Canada in a Box, Cigar Containers that Store Our Past 1883-1935 Canada in a Box, Cigar Containers that Store Our Past 1883-1935 Back Next
Canada in a Box, Cigar Containers that Store Our Past 1883-1935
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National News

Cigar makers looked everywhere for inspiration in naming their cigar brands, including the major issues and events of the day: if it caught the customer's eye in the newspaper, it might catch his eye in the cigar display case.


Trimmed nailed wood box (50)
Factory 4 Port 33E Series of 1922
H. E. Cooke & Co., Owen Sound, Ont.
CMC 1999.124.94

In 1927, to mark the 60th anniversary of Confederation, images of Robert Harris's classic 1884 painting depicting the Fathers of Confederation were everywhere. The painting itself no longer existed; it had been consumed in the great fire at Parliament in 1916. Reproductions were presumably based on a photograph of the work in the National Archives. Besides being reproduced widely in the press, the painting was featured on the Post Office's new 2-cent stamp, on Canadian National Railways menus, and on the label of H. E. Cooke's Confederation cigar.

Trimmed nailed wood box (25)
Factory 12 IRD 17 Series of 1883
Likely Samuel Romain, Montreal, Que.
CMC 2004.38.46

The Honourable J. S. D. Thompson was Prime Minister for only two years, 1892–1894. He died in office at age 51 after a brilliant judicial and political career.

In this contemporary cigar box photo composite of Thompson's cabinet, note the prominence given to J. F. Wood, Controller of Inland Revenue—the man in charge of tobacco taxation. The cabinet members are:

  1. J. F. Wood
    Controller of Inland Revenue
  2. T. M. Daly
    Minister of the Interior
  3. Mackenzie Bowell
    Minister of Trade and Commerce
  4. W. B. Ives
    President of the Privy Council
  5. A. R. Angers
    Minister of Agriculture
  6. Sir A. P. Caron
    Postmaster General
  7. C. H. Tupper
    Minister of Marine and Fisheries
  8. J. A. Ouimet
    Minister of Public Works
  9. Frank Smith
    Minister without Portfolio
  10. N.C. Wallace
    Controller of Customs
  11. J. J. Curran
    Solicitor General of Canada
  12. G. E. Foster
    Minister of Finance and Receiver General
  13. John Costigan
    Secretary of State of Canada
  14. John Carling
    Minister without Portfolio
  15. J. G. Haggart
    Minister of Railways and Canals
  16. J. C. Patterson
    Minister of Militia and Defence

Trimmed nailed wood box (50)
Factory 1 IRD 17 ca. 1883-1889
J. M. Fortier, Montreal, Que.
CMC 2003.116.12

Virtually a Canadian political cartoon on a cigar box. It is based on the "Noisy Boys" or "Recess" label by New York lithographer Heffron & Phelps (ca. 1880–1890). Montreal cigar maker J. M. Fortier, who in fact made a "Noisy Boys" cigar, seems to have had the label customized for a second "Noisy Boys" line featuring cartoon likenesses of politicians of the day, both Conservative and Liberal. From left to right (omitting the "teacher"), they appear to be:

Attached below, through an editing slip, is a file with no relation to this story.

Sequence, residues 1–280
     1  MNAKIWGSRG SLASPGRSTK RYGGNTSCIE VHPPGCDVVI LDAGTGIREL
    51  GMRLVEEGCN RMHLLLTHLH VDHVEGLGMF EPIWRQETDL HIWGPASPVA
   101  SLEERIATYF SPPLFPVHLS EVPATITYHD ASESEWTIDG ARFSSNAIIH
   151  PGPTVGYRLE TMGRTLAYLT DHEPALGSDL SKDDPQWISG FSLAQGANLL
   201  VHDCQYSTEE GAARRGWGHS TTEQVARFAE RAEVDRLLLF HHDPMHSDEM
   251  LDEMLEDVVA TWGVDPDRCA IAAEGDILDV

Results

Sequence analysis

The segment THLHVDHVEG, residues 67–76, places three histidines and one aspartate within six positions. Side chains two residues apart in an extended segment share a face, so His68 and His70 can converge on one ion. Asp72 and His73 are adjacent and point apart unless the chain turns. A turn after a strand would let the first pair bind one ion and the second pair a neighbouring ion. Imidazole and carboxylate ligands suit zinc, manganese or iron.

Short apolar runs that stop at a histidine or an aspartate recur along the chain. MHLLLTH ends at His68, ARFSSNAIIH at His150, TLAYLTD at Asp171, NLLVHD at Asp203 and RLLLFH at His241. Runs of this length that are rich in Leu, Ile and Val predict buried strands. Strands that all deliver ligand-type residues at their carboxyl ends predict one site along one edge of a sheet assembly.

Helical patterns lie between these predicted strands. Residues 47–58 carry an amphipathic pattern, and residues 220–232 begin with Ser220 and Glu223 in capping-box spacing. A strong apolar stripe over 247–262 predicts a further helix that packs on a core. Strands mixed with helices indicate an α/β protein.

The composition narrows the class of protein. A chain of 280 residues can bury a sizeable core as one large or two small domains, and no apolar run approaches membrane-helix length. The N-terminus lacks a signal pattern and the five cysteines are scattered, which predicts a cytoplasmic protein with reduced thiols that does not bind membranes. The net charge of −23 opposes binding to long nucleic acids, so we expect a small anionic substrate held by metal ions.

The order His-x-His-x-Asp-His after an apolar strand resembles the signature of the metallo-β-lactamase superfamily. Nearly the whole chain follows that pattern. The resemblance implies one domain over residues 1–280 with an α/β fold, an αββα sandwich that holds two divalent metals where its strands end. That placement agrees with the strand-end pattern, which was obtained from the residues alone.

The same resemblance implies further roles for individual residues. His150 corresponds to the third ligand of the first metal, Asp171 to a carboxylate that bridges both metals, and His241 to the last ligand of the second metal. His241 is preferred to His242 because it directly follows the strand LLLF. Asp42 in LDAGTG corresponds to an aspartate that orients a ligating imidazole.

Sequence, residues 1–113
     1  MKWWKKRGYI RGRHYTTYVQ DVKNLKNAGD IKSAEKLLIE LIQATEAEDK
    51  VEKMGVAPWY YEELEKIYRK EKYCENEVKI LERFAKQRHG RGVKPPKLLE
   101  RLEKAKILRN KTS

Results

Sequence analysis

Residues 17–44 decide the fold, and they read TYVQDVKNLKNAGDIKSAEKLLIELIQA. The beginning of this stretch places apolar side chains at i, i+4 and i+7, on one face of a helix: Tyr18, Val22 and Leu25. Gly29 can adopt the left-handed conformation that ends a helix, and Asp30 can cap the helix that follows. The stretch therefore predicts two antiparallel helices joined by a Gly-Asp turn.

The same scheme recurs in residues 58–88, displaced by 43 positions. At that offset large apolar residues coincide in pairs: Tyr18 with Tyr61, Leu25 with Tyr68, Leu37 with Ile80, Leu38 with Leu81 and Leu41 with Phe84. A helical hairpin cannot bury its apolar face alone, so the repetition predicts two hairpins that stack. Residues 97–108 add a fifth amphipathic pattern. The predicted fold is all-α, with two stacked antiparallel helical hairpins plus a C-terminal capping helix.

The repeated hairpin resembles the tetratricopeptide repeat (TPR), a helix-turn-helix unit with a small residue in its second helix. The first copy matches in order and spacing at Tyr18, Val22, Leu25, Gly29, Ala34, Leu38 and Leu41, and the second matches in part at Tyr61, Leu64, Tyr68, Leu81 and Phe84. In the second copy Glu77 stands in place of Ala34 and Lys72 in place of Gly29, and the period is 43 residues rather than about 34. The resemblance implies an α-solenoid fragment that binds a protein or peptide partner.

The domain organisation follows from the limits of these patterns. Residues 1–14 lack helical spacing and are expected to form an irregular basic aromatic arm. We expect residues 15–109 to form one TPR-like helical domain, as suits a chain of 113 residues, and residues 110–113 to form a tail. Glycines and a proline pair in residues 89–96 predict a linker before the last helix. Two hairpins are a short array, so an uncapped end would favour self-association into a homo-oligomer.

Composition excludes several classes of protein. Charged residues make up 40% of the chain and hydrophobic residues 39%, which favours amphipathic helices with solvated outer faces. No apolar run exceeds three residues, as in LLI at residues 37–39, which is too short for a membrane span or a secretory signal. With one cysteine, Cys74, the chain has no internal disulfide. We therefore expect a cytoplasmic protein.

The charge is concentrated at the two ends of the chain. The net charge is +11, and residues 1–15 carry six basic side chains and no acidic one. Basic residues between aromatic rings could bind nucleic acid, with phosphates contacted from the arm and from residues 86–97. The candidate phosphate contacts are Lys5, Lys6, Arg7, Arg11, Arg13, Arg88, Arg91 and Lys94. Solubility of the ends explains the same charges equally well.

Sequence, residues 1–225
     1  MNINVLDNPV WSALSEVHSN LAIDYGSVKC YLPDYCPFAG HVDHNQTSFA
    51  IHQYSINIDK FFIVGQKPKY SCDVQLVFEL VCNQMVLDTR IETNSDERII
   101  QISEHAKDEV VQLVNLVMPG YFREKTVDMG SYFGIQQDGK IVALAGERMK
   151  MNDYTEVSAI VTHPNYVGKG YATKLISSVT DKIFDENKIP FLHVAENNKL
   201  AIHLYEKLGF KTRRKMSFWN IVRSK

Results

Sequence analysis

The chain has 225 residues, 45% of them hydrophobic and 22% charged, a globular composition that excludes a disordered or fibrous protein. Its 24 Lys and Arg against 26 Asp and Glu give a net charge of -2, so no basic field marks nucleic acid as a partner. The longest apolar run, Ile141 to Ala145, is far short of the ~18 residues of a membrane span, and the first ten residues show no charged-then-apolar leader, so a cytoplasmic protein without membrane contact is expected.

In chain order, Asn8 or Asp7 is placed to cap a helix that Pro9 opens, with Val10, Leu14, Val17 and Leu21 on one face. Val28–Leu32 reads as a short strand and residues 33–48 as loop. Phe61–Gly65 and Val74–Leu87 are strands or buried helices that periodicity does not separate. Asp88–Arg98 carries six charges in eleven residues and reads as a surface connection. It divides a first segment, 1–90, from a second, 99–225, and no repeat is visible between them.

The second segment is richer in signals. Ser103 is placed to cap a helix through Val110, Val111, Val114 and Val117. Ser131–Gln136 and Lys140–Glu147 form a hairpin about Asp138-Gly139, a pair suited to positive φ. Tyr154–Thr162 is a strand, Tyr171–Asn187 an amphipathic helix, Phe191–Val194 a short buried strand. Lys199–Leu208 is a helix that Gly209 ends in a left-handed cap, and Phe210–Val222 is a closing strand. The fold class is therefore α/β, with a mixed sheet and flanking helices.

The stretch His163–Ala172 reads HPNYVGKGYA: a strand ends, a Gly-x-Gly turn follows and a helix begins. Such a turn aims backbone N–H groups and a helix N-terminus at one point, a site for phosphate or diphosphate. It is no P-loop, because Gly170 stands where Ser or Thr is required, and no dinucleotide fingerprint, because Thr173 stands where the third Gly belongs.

• Louis-François-Georges Baby
  • Sir Edgar Dewdney
  • John Henry Pope
  • Joseph-Adolphe Chapleau
  • Edward Blake
  • Sir Mackenzie Bowell
  • Sir John A. Macdonald
  • Sir Hector-Louis Langevin
  • Sir Alexander Mackenzie


Railways were very much on the minds of Canadians during the decades following Confederation. More than one prospective province had made a railway a condition of their membership in the Dominion. Prodigious feats of labour and engineering built iron roads from sea to sea, as political leaders rose and fell with their railway policies, western settlement by non-indigenous peoples expanded, and economic scandals multiplied. The railway craze reached fever pitch at the turn of the 20th century. By 1914, no fewer than three systems girded the country.

Trimmed nailed wood box (50)
Factory 5 IRD 8 Series of 1883
Cigars likely by A. Guay & Company,
St-Thomas-de-Montmorency, Que.
CMC 2005.139.5

Before the Canadian National, the Canadian Pacific, even before the Grand Trunk, there was the Intercolonial Railway. It was begun in the 1850s to link the Maritimes to the Province of Canada (present-day Ontario and Quebec). Its completion was made a condition of Confederation. Sanford Fleming was in charge of surveying and engineering. By 1876, the Intercolonial ran 1,100 kilometres from Halifax to the St. Lawrence and eventually connected to the rest of the country via the Grand Trunk Railway. The Intercolonial was vital to the development of Atlantic Canada, and Canada itself would not have existed without its being built. Never a commercial success, it was made part of the Canadian National Railway in 1919.

Trimmed nailed wood box
Factory 26 IRD 17 Series of 1897